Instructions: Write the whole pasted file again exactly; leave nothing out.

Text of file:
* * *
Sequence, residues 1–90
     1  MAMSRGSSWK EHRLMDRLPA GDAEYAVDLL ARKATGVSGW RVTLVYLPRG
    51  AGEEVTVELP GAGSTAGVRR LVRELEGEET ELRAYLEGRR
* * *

Sequence, residues 1–90
     1  MAMSRGSSWK EHRLMDRLPA GDAEYAVDLL ARKATGVSGW RVTLVYLPRG
    51  AGEEVTVELP GAGSTAGVRR LVRELEGEET ELRAYLEGRR